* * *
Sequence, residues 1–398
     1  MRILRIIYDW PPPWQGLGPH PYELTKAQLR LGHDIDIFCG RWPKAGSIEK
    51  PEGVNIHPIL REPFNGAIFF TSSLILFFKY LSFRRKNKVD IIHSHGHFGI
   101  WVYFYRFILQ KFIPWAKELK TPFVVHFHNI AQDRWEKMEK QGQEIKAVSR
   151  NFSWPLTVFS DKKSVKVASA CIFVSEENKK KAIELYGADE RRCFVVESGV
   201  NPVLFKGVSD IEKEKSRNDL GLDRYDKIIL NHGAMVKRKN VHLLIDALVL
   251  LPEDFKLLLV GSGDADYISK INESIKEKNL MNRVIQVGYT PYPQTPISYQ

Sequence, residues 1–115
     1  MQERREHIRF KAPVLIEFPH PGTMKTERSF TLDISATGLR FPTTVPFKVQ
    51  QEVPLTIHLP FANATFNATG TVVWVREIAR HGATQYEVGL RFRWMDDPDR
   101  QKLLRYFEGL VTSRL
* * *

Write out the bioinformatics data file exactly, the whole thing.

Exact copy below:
Sequence, residues 1–398
     1  MRILRIIYDW PPPWQGLGPH PYELTKAQLR LGHDIDIFCG RWPKAGSIEK
    51  PEGVNIHPIL REPFNGAIFF TSSLILFFKY LSFRRKNKVD IIHSHGHFGI
   101  WVYFYRFILQ KFIPWAKELK TPFVVHFHNI AQDRWEKMEK QGQEIKAVSR
   151  NFSWPLTVFS DKKSVKVASA CIFVSEENKK KAIELYGADE RRCFVVESGV
   201  NPVLFKGVSD IEKEKSRNDL GLDRYDKIIL NHGAMVKRKN VHLLIDALVL
   251  LPEDFKLLLV GSGDADYISK INESIKEKNL MNRVIQVGYT PYPQTPISYQ

Sequence, residues 1–115
     1  MQERREHIRF KAPVLIEFPH PGTMKTERSF TLDISATGLR FPTTVPFKVQ
    51  QEVPLTIHLP FANATFNATG TVVWVREIAR HGATQYEVGL RFRWMDDPDR
   101  QKLLRYFEGL VTSRL